As you may have surmised, in spite of all the numbers and letters, one switch has a 15 ampere rating and the other a 5 ampere rating.
Examine the micro switch housing further and you will find that it may have either two or three terminals. One terminal is always embossed with the term "COM." or "COMMON". The other two are identified as "N.C." (Normally Closed) or "N.O." (Normally Open). These terms refer to the switch's internal electrical circuit relationship. The functions of these terminals is also illustrated in Figure 3.
Incidentally, not all micro switches have screw type connector terminals. Some manufacturers produce micro switches with what they call "standard solder terminals". They do, however, also produce switches with spade terminals and with screw type terminals.
The solder terminals can be recognized by their narrow spade connector. A regular spade connector terminal is noticeably wider and will accept a standard push-on female shielded connector. Both types, however, can usually be successfully soldered if you prefer.
Soldered connections are fine, easy to make, and provide a lightweight installation for the most part, but . . .
Some of you may already have experienced the frustration brought on by a broken soldered connection while away from home. They are almost impossible to reconnect without resoldering them. Unfortunately, too, many of us have to house our aircraft in a hangar that has no available electricity. Unless we are lucky enough to have a battery powered soldering gun, there is no way to resolder broken connections without having to remove some equipment and take it someplace to have it repaired.
These are reasons enough for most builders to select screw type terminals, not only for micro switches but for most of their electrical equipment.
There is no standard way to install a limit switch. Sometimes you can secure it directly to some part of an adjacent structure or component, and sometimes a separate bracket may have to be installed. The means of attachment vary, but in all cases, the mounting should be unyielding. Otherwise, the limit switch plunger may not be tripped consistently at the right moment.
In my estimation, the neck mount type of limit switch is the easiest to install and to adjust accurately simply by varying the extent to which the long neck of the limit switch is allowed to protrude beyond the mounting bracket.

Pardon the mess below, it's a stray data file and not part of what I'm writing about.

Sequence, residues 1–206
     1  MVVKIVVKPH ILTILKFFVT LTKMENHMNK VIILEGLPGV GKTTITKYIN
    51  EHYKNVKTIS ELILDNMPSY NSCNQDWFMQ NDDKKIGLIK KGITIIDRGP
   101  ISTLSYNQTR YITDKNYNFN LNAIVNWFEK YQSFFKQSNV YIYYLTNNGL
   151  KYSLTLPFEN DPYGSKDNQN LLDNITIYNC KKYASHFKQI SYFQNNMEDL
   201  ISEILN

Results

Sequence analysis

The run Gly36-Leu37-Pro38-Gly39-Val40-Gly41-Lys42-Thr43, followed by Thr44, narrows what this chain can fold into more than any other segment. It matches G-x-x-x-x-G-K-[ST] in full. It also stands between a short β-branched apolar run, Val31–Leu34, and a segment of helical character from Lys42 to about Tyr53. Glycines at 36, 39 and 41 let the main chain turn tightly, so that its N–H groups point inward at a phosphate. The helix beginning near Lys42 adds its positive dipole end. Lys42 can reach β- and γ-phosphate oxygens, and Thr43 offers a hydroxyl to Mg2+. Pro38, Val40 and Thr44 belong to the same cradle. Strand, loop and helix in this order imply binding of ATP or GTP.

Other limit switch types don't have any adjustment provision after installation and an exact positioning is absolutely essential when you mount it. Of course, you could always install a shim behind the bracket to move the limit switch closer to the unit whose movement it is limiting. But what if the plunger is already too close?
Usually, a limit switch is installed on some fixed portion of the structure or mechanism adjacent to the moveable component. Let's take a landing gear as an example.
The limit switch plunger (lever, roller or whatever) must be located so that the movable component (landing gear in this case) will trip the limit switch circuit at the precise moment the landing gear is fully retracted or extended. Essentially, the switch must be wired so that the moment its mechanism is tripped, the circuit is opened or closed, depending upon the terminal selected (N.O. or N.C.). The tripping of the plunger instantly opens the electrical circuit and stops the gear motor immediately.
Can you imagine what would happen to a landing gear system mechanism and/or gear motor if the motor kept running after the landing gear had reached its fully extended or retracted position? If a little self destruction didn't take place it would only be because some nice circuit would have tripped and mercifully saved the day.
If you weren't knowledgeable enough to have installed a properly rated circuit breaker in the circuit, there is a very good possibility that the gear motor would have "burned out" in its persistent effort to move the immovable. Here is an instance where a circuit breaker does, in effect, serve as an automatic switch.
Yes, indeed, it is a very good idea to have the limit switch open the circuit to the landing gear motor at the exact moment the gear reaches its down and locked position. It is also a good idea to use the other terminal of the same limit switch to activate a green light to show that the gear is down and locked. If the light is on, the motor cannot be running because the light is evidence that the motor circuit is OPEN and that all is well. (See Figure 3)